Toilet training 101

Toilet training 101

Toilet training 101

Toilet training can be stressful. The thought alone can make any parent anxious and want to delay the inevitable!

We want to share some tips and tricks, to demonstrate that it doesn’t have to be a stressful event!  Helping you feel more prepared and ready to take it on.


When should you start?

Children can start to show signs they’re ready for toilet training at around 18-24 months old. However, every child is different so it’s important to watch out for your child’s readiness. After 3 years, it can get a bit harder as developmental milestones like autonomy and independence can make a child more resistant. A good rule of thumb is to start thinking about it early.


Readiness signs to watch for:

  • Nappies are dry for up to 2 hours
  • They can pull their own pants up and down
  • They can sit still for a few minutes
  • They know when they are going and can tell you. Some kids might have a specific place they like to go, even in their nappy.
  • They show interest in the toilet, ask questions and want to ‘help’
  • They can follow simple instructions


Ways to start and test readiness:

  • Children learn by watching & copying, so (as strange as it may feel) let them watch you on the toilet and talk through what is happening. They may ask lots of questions – try and give them factual answers.
  • Start changing their nappy in the toilet area or bathroom, getting them used to being there when they need to go.
  • Try to avoid rewards or punishments. Accidents will certainly happen, so quietly clean up and try again another time. Similarly, quietly demonstrate what success looks like.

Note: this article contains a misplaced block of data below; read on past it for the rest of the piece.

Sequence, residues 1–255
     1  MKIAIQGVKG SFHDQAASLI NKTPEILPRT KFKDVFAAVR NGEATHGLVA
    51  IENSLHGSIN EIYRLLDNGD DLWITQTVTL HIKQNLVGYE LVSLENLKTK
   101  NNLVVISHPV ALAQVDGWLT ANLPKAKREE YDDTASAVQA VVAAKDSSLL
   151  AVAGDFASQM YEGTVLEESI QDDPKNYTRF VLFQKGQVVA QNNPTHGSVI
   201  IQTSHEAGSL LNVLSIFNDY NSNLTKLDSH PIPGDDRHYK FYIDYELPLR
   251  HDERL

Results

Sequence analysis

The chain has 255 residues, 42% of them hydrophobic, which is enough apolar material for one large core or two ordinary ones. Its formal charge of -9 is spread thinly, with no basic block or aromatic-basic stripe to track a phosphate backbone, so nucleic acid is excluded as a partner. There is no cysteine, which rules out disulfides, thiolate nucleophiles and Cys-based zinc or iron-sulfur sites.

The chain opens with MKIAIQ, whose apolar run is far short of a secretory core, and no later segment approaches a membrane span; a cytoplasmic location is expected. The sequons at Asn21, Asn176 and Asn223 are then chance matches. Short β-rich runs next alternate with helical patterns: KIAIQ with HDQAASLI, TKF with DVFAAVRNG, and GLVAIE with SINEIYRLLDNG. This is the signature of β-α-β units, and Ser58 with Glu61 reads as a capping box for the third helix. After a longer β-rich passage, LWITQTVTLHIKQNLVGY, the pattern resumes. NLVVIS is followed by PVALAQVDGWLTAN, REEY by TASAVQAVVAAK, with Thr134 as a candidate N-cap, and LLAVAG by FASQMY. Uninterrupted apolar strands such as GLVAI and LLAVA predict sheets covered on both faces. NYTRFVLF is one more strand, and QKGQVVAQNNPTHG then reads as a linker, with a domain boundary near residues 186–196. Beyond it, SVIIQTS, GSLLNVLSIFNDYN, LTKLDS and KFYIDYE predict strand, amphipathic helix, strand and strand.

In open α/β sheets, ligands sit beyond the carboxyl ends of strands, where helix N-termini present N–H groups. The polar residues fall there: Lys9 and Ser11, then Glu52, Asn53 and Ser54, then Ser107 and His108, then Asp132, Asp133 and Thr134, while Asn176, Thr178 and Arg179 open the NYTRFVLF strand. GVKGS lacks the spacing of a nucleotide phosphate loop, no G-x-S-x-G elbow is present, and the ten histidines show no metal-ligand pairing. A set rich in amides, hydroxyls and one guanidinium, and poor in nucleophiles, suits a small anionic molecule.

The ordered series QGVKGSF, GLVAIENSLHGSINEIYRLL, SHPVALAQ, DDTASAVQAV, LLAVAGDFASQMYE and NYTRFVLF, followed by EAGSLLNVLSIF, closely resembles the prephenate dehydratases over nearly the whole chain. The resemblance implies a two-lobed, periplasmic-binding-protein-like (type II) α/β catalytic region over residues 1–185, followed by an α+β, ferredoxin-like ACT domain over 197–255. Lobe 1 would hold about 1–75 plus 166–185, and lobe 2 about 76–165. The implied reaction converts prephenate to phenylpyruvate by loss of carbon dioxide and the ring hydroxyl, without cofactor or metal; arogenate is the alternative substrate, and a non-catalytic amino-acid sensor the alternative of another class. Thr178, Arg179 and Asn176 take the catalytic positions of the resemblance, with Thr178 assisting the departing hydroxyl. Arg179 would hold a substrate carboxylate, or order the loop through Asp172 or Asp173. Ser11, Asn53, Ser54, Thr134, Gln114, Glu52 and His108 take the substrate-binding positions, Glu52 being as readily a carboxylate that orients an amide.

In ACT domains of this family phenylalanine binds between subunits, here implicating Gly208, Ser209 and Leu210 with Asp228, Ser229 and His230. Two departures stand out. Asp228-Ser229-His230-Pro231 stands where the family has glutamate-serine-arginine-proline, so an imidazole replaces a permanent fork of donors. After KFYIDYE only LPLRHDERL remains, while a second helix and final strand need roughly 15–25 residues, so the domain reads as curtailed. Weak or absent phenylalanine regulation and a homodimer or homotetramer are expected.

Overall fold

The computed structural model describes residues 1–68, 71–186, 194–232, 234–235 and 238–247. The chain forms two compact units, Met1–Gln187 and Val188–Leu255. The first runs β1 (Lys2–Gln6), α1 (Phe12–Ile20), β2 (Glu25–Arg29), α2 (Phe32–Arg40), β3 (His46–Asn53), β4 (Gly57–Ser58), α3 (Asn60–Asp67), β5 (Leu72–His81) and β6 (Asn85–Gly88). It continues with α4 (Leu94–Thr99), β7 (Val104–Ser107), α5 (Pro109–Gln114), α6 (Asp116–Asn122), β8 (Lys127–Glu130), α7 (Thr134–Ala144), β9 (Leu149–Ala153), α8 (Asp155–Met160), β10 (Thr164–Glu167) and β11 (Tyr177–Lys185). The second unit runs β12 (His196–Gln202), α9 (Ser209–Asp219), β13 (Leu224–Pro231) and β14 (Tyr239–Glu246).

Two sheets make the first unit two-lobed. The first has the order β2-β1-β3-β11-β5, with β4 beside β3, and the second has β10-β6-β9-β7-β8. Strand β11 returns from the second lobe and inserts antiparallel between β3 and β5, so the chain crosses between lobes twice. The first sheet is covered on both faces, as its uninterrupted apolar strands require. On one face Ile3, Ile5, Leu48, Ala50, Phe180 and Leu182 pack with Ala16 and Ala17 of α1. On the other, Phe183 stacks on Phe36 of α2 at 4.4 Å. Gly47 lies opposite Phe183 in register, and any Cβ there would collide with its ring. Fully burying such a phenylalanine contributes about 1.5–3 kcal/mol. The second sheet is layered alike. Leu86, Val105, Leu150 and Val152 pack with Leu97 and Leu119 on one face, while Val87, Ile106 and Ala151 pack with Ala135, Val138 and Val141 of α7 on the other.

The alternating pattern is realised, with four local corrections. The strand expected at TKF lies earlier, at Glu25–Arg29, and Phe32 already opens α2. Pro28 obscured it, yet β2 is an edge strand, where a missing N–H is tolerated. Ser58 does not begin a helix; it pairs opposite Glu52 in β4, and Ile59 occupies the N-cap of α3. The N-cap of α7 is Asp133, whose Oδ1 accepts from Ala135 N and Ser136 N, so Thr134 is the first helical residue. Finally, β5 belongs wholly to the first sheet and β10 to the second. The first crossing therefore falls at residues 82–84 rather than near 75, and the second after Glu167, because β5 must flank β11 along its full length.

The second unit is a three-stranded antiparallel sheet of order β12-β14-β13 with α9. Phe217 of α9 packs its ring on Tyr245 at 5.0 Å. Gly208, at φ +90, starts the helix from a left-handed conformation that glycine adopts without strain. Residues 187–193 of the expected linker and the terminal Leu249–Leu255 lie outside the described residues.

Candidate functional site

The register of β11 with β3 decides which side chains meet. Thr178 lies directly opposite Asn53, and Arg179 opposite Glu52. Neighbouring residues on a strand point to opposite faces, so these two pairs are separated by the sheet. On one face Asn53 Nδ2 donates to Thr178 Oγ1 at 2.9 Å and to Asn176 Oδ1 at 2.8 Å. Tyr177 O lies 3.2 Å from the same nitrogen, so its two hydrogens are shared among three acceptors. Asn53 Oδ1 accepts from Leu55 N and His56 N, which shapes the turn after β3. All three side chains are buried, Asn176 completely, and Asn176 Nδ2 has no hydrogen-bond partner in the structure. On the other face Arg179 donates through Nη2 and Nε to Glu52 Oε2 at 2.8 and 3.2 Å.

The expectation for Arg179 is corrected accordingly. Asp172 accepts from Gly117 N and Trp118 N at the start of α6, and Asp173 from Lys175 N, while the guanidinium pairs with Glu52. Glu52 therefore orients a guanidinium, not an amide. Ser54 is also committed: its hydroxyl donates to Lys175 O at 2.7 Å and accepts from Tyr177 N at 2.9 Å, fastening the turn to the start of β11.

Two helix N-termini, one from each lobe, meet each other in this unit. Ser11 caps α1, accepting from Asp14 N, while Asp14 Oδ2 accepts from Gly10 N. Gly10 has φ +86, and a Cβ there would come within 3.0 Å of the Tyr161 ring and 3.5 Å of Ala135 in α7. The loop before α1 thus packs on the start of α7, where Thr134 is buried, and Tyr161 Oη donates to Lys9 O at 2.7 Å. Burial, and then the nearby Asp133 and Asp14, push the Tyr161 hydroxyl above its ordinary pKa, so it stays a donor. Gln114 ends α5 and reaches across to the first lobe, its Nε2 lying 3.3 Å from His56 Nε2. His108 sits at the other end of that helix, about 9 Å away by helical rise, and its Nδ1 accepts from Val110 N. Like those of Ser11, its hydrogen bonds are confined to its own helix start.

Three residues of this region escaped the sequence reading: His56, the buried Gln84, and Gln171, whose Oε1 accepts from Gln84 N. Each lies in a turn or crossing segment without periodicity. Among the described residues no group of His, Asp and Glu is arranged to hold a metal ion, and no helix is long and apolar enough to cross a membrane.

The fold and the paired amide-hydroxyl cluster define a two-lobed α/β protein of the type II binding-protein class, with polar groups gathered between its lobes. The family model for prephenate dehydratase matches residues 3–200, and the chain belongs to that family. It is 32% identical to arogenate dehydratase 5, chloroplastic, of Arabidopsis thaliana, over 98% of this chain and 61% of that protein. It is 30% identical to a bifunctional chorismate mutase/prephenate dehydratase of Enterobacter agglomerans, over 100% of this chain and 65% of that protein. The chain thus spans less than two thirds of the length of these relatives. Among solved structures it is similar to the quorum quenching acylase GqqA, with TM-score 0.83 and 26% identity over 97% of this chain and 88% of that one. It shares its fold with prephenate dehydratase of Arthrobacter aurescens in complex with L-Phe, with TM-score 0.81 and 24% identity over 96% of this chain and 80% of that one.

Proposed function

Some children just may not be ready, so if it doesn’t seem to be working after a few days or a week, take a break and try again at a later date. Children are unique and just like adults some learn faster than others.  Common setbacks include:

  • Too much change at once. Some children will resist yet another thing to learn or get used to. New house, bed, sibling and family routines can all play a role.
  • Too much pressure when they’re not ready.
  • Some children have no problem with wees but only like to poo in their nappies. This can simply take time and practice.


What do you need to get started?

There is an endless supply of toilet training products on the market. You don’t necessarily need them all, stock up on whatever works for you.

  • Undies – you probably do need these. Getting used to the feeling of underwear and pulling them up and down will be a new and unusual feeling for your child. Have a number of spare pairs handy wherever you are just in case of accidents. Especially at the start of the process. It can be good to get them involved in choosing their undies based on the colour or prints or patterns they like.
  • Toilet Training Undies – these have a little bit of absorption but will still feel wet. So, they’ll help with little accidents. This will also help your child learn when they need to get to the toilet.
  • Potty, toilet seat or Step Up Seat - You can try one or all of these depending on what your child is comfortable with. Potties can be super comfortable for kids if the toilet is a bit scary. Once they’re ready for the toilet, a smaller cushioned seat helps them be comfortable (and means you don’t have to hold them) and one with steps means they can get there quickly themselves too!